minwax tung oil

Discussion in 'Newbie' started by Dave Fritz, Jun 27, 2016.

  1. Dave Fritz

    Dave Fritz

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    Thanks to this site I now realize Min-wax tung oil contains no tung oil. I'm wondering how many coats those that use it put on. I'm curious specifically about utility items like ice cream scoops and other kitchen items that will be handled a great deal.

    Has anyone used popularized tung oil and if so how did you like it. I understand it dries quicker than pure tung oil.
     
  2. Bill Boehme

    Bill Boehme Administrator Staff Member

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    OK, this had me confused for a bit until I figured that you had misspelled "polymerized". Partially polymerized tung oil is something that I have no experience using, but it almost sounds like weasel words for tung oil that is on the verge of going bad. For certain, partially polymerized tung oil has a shorter shelf life than pure tung oil. I like tung oil and use it occasionally. Tung oil is fine for kitchen use, but I prefer walnut oil primarily because walnut oil has the least effect on darkening wood. Here is a good article about tung oil in Canadian Woodworking & Home Improvement magazine. The finishing recommendation in the article is oriented towards furniture finishing and I think that most woodturners would consider it excessive. I like an oil finish to have a matte finish so I use only one coat or at most two coats. While the article is about debunking myths, they seem to be propagating at least one ... the need to sand between coats. Unless you wait until a coat has cured hard then there is no need to sand before the second coat is applied. And, like I mentioned, I like to use oil when I want a a matte finish. The process described in the article looks like it is aimed at developing a film finish.
     
  3. Jamie Straw

    Jamie Straw

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  4. Bill Boehme

    Bill Boehme Administrator Staff Member

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    I'll have to print that one in order to be able to read it. Legal fine print on a textured background. :rolleyes:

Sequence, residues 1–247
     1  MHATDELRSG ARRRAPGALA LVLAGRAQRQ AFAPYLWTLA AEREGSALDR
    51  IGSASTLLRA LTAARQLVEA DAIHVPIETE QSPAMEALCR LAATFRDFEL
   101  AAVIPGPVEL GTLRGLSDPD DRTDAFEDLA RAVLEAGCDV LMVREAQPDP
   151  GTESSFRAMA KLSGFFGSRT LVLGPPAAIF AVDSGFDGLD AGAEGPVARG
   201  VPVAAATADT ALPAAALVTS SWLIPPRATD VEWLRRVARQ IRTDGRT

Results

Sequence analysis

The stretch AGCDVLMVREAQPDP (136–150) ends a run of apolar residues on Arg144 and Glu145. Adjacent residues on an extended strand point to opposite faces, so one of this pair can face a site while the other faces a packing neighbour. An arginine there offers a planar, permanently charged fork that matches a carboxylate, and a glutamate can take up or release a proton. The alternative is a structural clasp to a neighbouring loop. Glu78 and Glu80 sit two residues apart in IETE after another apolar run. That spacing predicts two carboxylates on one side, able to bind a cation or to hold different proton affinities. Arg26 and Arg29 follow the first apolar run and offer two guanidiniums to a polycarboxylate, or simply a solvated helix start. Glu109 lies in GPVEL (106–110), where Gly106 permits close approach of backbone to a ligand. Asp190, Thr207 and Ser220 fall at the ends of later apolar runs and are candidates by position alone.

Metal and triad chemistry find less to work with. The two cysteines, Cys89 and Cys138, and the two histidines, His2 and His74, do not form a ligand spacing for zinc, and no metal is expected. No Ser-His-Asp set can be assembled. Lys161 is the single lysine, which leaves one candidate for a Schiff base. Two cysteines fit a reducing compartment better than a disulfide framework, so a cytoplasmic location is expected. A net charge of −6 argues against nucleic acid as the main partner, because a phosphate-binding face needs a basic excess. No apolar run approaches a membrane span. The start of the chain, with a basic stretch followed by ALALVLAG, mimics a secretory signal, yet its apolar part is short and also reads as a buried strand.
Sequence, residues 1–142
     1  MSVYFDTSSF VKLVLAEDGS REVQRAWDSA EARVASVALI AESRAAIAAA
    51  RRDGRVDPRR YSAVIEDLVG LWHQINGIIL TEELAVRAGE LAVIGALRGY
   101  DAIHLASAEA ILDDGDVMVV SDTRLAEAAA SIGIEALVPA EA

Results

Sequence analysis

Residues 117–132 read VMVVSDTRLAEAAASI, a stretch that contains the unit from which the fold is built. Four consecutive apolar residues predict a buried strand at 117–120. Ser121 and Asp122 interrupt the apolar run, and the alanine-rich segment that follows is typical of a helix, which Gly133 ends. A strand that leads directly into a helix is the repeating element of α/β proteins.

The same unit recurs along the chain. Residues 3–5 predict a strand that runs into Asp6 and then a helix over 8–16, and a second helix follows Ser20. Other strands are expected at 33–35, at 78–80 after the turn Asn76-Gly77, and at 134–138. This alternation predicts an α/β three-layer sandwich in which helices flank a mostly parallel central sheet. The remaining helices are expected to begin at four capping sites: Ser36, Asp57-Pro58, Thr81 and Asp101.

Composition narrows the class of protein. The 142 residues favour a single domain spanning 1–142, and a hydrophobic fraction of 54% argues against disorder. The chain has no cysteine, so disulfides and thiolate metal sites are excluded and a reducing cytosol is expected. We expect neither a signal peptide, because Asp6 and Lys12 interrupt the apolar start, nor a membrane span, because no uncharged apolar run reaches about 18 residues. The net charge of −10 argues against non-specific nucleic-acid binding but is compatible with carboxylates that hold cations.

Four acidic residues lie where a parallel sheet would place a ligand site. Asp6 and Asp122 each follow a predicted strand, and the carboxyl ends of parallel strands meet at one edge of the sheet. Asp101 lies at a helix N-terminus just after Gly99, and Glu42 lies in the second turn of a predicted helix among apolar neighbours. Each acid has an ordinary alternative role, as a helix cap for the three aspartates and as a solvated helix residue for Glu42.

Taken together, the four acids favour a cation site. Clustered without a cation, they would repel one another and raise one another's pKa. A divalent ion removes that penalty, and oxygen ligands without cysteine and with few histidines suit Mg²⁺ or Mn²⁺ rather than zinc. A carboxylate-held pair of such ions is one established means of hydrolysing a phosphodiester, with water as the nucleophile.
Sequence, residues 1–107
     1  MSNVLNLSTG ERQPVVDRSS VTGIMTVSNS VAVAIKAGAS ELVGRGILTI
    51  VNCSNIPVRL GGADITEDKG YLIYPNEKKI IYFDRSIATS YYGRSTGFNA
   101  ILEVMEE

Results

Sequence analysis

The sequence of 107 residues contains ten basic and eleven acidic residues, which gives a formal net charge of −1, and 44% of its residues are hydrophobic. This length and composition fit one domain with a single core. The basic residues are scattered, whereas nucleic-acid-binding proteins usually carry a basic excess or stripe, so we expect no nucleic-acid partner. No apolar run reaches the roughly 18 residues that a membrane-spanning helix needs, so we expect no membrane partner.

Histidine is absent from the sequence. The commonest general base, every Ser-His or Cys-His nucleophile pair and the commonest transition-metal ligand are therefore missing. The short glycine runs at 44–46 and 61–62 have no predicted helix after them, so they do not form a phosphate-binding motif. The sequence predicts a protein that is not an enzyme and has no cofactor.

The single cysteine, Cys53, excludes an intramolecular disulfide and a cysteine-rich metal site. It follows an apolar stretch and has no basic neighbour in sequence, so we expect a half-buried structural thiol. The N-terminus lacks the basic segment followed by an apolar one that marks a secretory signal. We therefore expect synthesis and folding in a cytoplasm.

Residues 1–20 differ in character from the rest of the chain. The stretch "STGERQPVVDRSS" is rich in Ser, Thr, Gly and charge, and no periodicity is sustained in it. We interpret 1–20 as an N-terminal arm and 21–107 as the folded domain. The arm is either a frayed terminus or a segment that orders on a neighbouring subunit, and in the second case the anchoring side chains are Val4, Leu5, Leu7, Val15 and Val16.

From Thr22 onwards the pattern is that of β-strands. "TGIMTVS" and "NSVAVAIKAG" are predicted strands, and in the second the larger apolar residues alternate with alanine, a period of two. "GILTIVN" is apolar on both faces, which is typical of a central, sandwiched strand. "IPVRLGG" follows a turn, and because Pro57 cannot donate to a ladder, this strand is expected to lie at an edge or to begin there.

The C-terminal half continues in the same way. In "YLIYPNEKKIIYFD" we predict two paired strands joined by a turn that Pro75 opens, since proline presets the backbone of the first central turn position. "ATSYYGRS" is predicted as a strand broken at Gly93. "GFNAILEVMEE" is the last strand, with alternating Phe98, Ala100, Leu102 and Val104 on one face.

5. Gerald Lawrence

    Gerald Lawrence

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    I have not heard of polymerized tung oil, but do use pure tung oil. It should be diluted with terpentine or mineral spirits 50/50 for the first couple coats. then you can apply full strength "if" you want to. I usually apply 6-8 coats of the thinned and sometimes the last 2 of those full . Is best used on porous woods like oaks and pecan if you want to get a build up. If you do not want a build just 1-2 coats and stop.
     
  6. Douglas Ladendorf

    Douglas Ladendorf

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    Last edited: Jun 28, 2016
  7. Dave Fritz

    Dave Fritz

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    Sorry about the spelling mistake, sort of a key word.
     
  8. Fred Belknap

    Fred Belknap

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    Dave I use Minwax Tung oil. It is a good finish for bowls, if you want a shine do 3 or 4 coats wiped on. I suggest you Goggle ( Keith Burns ten minute finish). I have done it on cherry bowls and some people really like it. I keep some around in case I need a quick finish.
     
  9. Jamie Straw

    Jamie Straw

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    Yep, I just hate that!! So often, people either don't look at their own web pages, or let glitzy over-ride end-user comfort in designing their web pages.
     
  10. Bill Boehme

    Bill Boehme Administrator Staff Member

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    Well, that that style was very popular ... about twenty years ago ... textured backgrounds, scrolling text, flashing buttons, background music, and animated cartoon characters dancing across the screen. My senior citizen friends who dutifully forward every email that they receive are always making sure that I don't miss seeing links to "entertaining" web sites. It won't be many more years before I will officially be old enough to join in with them in this activity. :D
     
  11. Harold Adams

    Harold Adams

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    I use minwax tung oil for all my decorative turnings. Sand to 400 then coat, sand 600 then coat, sand 800 then coat sand1000, then coat sand 1200, if need more coats coat and sand 1200, otherwise buff tripoli and white diamond.
    Minwax tung oil is and oil akalyd varnish blend which is thin and is called a wiping varnish. I get a phenominal amount of comments as to the smoothness and softness of my finished turnings. As far ad drying times as long as I get good air I can put a coat on in the morning and recoat in the late afternoon or evening. Otherwise I do a once a day. My process gives a soft gloss not a hard gloss like a car finish.

    However, When I am using something for the kitchen I use mineral oil and instruct the purchases to never use dishwasher, quick hand wash and instantly towel dry. Then wipe on some mineral oil every once in a while.
     
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  12. Joe Greiner

    Joe Greiner

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    In Firefox, choose "Edit" Select All, Right click Copy. Open Notepad and paste. Save As, or not.
     

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